Food Waste and Climate Change

Our Background

When Little Chefs Big Chefs CIC was started, it was set up with the intent of educating all ages, particularly children of the skills and knowledge needed to cook. Afterall, we all need to eat and ideally, consume food that nourishes the body and soul.

As we started to collect surplus foods, there was a realisation that food waste was a massive problem, not only from supermarkets but in restaurants and at home too. Upon researching and unearthing the gravitas of the impact of food waste on our environment, I became engrossed and shocked at how something many of us don’t think about once it goes in the bin, can contribute to climate change.

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Our LCBC Community Pantry Story

The idea for our LCBC Community Pantry came about over 3 years ago as a reaction to this. Offering this perfectly edible food to the community not only helps to reduce food waste, but as we only ask for a low service contribution reflective of what food is taken, this helps keep more pennies in the pocket of those accessing it.

We believe all food has value; the resources, fertilisers and water used to produce it, time spent ‘nurturing’ it, the processing, transportation and storage needed to get it to your plate all come with their own impact on the environment and don’t come for free.

Why we are concerned about food waste

When we break down this impact, this brings up quite alarming figures:

So how does food waste affect the environment?

When food waste goes to landfill, which is where the vast majority of it ends up, it decomposes without access to oxygen (unlike composting) and creates methane. Methane is 23 times more deadly than carbon dioxide. Both of these greenhouse gases trap heat in the atmosphere, i.e. global warming.

How does global warming affect our planet?

So what can we do at home?

We can value our food: Even if food is inexpensive, appreciate the time, energy, resources, transportation and storage that has gone into bringing it to you.

Rethink dates on food. Best before dates are only there to give a reference for quality, but even so, the food is still edible after this. Even if apples have gone a bit wrinkly, bread has gone a bit stale or hard cheese has developed a bit of mould, think outside of the box. Bake apples in a crumble (and please don’t waste valuable fibre by peeling), refresh bread by quickly running under water then pop it in the oven or freeze and use as needed and cut the mould off cheese, it is perfectly fine to eat (this does not apply to semi soft cheeses such as brie or camembert).

Storage: It may seem obvious, but check how you store food. E.g. bread belongs in a bread bin or dark cupboard, not in the fridge, store potatoes in a dark bag or cupboard, fruit (with the exception of bananas) is best kept in the fridge. For more foods and storage recommendations, see Love Food Hate Waste Food Storage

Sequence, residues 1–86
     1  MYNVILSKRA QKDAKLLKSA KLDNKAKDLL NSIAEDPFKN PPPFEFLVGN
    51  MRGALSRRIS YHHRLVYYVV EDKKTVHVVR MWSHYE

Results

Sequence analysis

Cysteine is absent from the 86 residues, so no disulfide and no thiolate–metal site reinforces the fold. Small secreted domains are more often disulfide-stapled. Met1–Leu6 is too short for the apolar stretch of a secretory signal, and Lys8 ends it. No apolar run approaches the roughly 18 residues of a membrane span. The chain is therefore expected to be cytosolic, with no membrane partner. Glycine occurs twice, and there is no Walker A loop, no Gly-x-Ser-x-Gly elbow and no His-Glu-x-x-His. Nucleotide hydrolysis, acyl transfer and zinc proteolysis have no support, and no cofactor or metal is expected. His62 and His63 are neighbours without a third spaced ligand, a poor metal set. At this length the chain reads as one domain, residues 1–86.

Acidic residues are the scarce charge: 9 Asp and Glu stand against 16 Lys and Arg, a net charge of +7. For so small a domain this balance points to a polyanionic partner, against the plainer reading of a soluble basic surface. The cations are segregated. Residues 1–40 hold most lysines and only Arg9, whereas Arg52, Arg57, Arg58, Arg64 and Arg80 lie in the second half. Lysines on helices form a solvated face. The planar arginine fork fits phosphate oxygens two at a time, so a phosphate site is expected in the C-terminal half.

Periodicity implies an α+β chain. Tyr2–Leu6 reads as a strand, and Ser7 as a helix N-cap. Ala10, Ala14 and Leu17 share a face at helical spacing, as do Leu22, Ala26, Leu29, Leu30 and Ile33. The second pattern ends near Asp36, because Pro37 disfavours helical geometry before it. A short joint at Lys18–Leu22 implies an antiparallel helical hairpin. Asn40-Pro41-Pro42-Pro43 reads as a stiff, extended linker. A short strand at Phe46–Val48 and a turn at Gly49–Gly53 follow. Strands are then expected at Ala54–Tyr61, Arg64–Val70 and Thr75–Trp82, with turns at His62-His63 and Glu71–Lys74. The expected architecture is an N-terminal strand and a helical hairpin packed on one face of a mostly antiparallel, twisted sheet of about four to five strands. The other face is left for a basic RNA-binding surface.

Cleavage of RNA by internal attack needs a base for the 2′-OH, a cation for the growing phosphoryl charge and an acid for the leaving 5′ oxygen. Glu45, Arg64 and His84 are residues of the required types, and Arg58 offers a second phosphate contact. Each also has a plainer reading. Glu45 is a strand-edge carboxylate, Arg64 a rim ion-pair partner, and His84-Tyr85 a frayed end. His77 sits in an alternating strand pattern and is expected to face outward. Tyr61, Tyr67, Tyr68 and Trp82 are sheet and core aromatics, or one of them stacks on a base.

Check the temperature: Your fridge should be kept at a temperature between 3 – 5c, your freezer should be between 18 – 23c. Invest in a fridge thermometer if you can. Keep your freezer relatively full as other frozen foods help to maintain the temperature and prevent the compressor from over working. However, do not overstock your fridge as the cold air needs to circulate.

Plan your shopping: This not only will save you money but help reduce food waste too. Draw up menus for the week then write a shopping list of items you will need. Better still, base your menus around food you already have in stock.

Love your leftovers: Don’t just bin leftovers, make them into a completely new meal. Most supermarket websites have a recipe section and even typing in ‘leftovers’ on a search engine will bring up a mass of ideas. Also try Love Food Hate Waste Recipes

Portion control: If you are not going to use up that mass of pasta, rice etc. the next day, make sure you measure out your food to avoid it going to waste Love Food Hate Waste Portion Planner

Compleat your food: This means eat every edible part. That means food such as the stalks on broccoli – slice thinly and cook with the florets, avoid peeling (or use veg peelings to make ‘crisps’), if cutting off bread crusts, bake them in the oven to make ‘breadsticks’ for dips – try drizzling them with oil, smoked paprika/curry power and a sprinkle of salt beforehand, use cauliflower leaves in a stir fry or just cook like cabbage (they are also delicious tossed in soy sauce and baked), beetroot leaves can be used like spinach, use the stalks of herbs at the beginning of cooking, shred the heart of cabbage or cauliflower to make a coleslaw and use the water you use to cook your veg to make sauces or soup or even freeze as stock.